First, we analyzed the transfection efficiency of both jetMESSENGER® and Lipofectamine®-2000 transfection reagents. To this end, transfected cells were fixed at different time points following transfection (from 24 hours to 7 days). For both transfection reagents, we detected EGFP expression 24 hours post-transfection. Both continued to provide high levels of EGFP expression up to 7 days post-transfection (Fig 2A).
Fig 2. Comparative transfection efficiency of mRNA versus DNA transfection reagent
To evaluate more precisely the transfection efficiency, we quantified the percentage of EGFP+ transfected cells 48 hours post-transfection. We observed a 4-fold increase in transfected cells using either jetMESSENGER® (40.93 ± 1.57) or Lipofectamine®-2000 (44.56 ± 2.51) compared to jetPRIME® (13.15 ± 1.59) (Fig 2B), showing that mRNA transfection is more efficient for transfection of differentiated neuronal cells from neurospheres than DNA transfection.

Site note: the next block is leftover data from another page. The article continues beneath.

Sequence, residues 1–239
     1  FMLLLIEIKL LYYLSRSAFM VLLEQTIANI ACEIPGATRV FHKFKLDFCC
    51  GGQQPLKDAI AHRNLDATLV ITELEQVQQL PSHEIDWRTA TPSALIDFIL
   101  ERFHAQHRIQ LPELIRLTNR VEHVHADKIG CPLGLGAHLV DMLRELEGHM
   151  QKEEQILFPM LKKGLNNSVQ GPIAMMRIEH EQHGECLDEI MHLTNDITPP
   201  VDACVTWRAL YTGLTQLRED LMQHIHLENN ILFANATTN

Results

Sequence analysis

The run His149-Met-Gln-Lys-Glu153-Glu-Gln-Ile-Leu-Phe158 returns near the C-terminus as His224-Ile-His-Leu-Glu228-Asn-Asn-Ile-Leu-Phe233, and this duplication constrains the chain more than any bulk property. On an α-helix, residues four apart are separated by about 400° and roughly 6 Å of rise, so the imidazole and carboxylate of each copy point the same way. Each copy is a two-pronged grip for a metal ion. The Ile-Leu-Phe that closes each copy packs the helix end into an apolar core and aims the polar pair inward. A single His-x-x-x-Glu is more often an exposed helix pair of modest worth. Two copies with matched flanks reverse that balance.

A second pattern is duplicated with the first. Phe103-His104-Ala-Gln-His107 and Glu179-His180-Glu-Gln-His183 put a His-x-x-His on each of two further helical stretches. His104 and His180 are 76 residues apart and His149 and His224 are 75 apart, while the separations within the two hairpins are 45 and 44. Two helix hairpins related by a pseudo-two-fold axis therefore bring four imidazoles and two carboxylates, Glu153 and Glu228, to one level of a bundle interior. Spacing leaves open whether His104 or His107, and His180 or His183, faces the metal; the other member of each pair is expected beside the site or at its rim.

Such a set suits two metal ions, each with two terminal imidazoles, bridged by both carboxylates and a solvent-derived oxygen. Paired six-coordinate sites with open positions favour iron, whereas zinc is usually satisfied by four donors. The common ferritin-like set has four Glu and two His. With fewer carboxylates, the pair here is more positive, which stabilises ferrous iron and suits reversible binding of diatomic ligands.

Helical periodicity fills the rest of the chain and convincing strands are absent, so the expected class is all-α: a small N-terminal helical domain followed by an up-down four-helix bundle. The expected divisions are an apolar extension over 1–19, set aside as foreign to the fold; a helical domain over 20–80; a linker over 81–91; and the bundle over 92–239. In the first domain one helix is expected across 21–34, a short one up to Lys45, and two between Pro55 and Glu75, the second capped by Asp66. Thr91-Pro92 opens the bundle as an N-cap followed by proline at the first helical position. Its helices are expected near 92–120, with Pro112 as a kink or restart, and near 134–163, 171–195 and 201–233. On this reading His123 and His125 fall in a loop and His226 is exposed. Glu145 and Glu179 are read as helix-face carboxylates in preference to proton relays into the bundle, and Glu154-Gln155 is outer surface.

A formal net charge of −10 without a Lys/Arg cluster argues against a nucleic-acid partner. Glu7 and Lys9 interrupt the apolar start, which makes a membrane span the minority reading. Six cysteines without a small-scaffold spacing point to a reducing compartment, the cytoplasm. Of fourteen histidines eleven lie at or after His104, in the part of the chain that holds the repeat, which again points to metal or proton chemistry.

Since neurospheres contain a mix of cell types, we studied which cell type is preferentially targeted by each transfection reagents. To this end, immunohistochemistry using antibodies directed against markers expressed in NSCs (GFAP and SOX2) or astrocytes (GFAP) was performed. For each reagent, the EGFP signal was mostly detected in the cytoplasm of (i) NSC co-expressing SOX2 and GFAP and (ii) SOX2+ progenitors (Fig 3A).